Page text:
Reggie Bush just got the best news ever as college sports changes course

Apr 30, 2024

Just a few years ago, college sports were a place where a fan could be a fan, athletes were amateurs, and occasionally, some rich alumni would put too much money in their team’s players’ pockets.

But now, the NCAA is a multi-billion-dollar enterprise. Schools make a fortune in TV revenues, computer games were using players’ images and making billions, while the athletes received no compensation, so the rules have changed.

Because of these rule changes, this group just gave Reggie Bush some great news that shows just how much college sports have changed.

The NCAA’s reversal on how they view college athletes has changed the sporting world

From the beginning of college athletics, college athletes were viewed as students first.

In the year 2024, this noble aspiration has completely fizzled away for most sports.

Many talented football and basketball players, and sometimes other sports, simply view college as a springboard for the pros.

Even more groundbreaking, college athletes can now profit off of their name and likenesses, something that former athletes have paid dearly for.

This includes prolific running back Reggie Bush, who faced severe punishment for allegedly receiving improper payments from the University of Southern California during his playing years.

Most severely, Bush had his prized Heisman trophy, the most coveted award in college football, taken away from him.

However, on Wednesday, Yahoo Sports reported, “On Wednesday, the Heisman Trust, which awards the most famous trophy in college football but isn’t technically part of the NCAA, decided to reinstate USC running back Reggie Bush as the 2005 recipient of the trophy.”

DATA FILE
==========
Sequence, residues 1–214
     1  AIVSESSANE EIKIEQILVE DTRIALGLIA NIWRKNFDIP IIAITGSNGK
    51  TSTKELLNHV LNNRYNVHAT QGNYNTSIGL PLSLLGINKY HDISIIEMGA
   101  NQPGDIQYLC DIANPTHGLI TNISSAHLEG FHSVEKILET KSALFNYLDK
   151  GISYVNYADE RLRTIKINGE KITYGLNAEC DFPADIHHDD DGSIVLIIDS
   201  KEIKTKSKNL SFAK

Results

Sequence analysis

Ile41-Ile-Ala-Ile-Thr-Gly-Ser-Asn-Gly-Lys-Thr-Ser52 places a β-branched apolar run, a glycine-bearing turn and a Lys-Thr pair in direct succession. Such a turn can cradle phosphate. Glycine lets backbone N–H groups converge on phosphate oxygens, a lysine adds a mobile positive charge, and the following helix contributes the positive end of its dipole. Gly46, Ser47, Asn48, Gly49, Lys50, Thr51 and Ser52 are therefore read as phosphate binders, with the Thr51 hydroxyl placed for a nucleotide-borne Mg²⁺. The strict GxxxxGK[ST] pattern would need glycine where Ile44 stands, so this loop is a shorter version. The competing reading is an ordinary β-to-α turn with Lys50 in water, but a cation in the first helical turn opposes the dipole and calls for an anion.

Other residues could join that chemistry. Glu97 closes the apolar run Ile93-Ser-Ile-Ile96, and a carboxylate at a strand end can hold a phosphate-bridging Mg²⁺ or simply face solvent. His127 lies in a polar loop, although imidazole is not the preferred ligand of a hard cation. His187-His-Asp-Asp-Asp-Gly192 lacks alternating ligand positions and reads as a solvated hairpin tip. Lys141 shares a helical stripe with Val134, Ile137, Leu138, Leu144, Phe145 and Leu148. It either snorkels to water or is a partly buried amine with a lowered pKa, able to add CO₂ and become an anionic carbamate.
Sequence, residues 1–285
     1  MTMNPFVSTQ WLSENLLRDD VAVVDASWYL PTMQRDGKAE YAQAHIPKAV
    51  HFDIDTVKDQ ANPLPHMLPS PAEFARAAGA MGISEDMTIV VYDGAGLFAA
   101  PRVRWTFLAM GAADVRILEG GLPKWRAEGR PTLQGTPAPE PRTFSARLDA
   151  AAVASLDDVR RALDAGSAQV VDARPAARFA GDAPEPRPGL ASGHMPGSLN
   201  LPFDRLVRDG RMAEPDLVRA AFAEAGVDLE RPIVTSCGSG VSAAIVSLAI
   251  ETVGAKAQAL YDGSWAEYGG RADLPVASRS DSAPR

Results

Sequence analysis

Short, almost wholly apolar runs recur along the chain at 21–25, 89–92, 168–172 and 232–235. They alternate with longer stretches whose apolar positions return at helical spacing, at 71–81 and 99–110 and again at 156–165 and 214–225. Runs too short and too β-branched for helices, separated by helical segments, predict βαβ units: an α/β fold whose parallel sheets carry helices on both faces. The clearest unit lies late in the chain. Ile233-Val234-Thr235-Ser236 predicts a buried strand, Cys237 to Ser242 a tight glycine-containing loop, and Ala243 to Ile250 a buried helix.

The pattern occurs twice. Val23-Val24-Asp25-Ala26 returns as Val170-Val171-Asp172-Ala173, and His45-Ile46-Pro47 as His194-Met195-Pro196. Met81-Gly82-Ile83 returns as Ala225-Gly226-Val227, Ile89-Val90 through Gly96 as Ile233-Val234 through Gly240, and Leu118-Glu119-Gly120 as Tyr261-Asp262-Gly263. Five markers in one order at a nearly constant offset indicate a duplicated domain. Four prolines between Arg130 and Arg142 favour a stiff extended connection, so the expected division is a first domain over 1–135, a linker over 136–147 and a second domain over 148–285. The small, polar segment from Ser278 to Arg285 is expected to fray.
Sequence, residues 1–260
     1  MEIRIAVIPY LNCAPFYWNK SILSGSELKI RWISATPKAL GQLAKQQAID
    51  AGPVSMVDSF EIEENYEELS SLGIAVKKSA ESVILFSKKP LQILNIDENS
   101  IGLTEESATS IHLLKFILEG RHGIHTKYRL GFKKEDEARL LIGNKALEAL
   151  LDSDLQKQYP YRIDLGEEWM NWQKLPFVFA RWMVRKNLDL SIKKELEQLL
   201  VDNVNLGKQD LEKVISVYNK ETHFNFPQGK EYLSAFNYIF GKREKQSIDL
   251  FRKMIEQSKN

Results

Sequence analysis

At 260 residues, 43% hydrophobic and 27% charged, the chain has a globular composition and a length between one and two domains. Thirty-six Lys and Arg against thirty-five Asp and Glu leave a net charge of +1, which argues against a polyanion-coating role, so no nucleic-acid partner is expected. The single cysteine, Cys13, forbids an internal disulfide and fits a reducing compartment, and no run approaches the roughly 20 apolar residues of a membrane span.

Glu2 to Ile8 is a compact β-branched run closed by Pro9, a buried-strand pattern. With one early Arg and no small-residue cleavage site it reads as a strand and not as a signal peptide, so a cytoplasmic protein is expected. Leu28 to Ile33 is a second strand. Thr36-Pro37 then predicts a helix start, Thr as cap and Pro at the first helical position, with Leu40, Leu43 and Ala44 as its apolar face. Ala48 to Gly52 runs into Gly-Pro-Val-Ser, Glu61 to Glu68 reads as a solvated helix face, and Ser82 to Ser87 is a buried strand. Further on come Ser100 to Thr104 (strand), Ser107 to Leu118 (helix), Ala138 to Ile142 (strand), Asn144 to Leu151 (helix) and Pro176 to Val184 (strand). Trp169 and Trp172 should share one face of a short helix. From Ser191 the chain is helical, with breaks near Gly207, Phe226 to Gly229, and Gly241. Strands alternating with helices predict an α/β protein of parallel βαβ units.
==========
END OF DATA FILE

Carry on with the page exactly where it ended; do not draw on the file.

Adding, “The overdue decision came nearly 14 years after it stripped Bush of his Heisman for “receiving” what the NCAA had determined was “impermissible extra benefits” while playing for the Trojans. The NCAA had retroactively deemed Bush ineligible for competition and the Heisman Trust went right along with it.”

As Yahoo Sports notes, this decision comes as the NCAA changes the way they look at student athletes.

Unlike the late 1800’s, college sports makes billions of dollars, and for decades, people have wondered when, and if, college athletes could ever get in on the profits.

This especially applies to college athletes, such as pop culture sensation and LSU gymnast Livy Dunne, who participate in sports with little to no professional options.


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A post shared by Olivia Dunne (@livvydunne)

However, many worry that this radical transition could over commercialize college sports, and discourage team loyalty.

In the last several years, college football and college basketball has seen athletes transfer to other colleges like there is no tomorrow, solely for the ability to get a chance to play and make more money.

The NCAA may have opened a can of worms with their NIL changes

Although the NCAA’s changes to how athletes can make money have allowed some athletes to get rich, many fear it will open a Pandora’s box.

Already, some students have expressed interest in unionizing, which would classify student athletes as employees.

The Dartmouth men’s basketball squad just recently voted to unionize with the SEIU union.

Many fear this move could destroy college sports, allowing union bosses and other sinister forces to destroy a cherished American tradition.

Read All About It will keep you up-to-date on any developments to this ongoing story.

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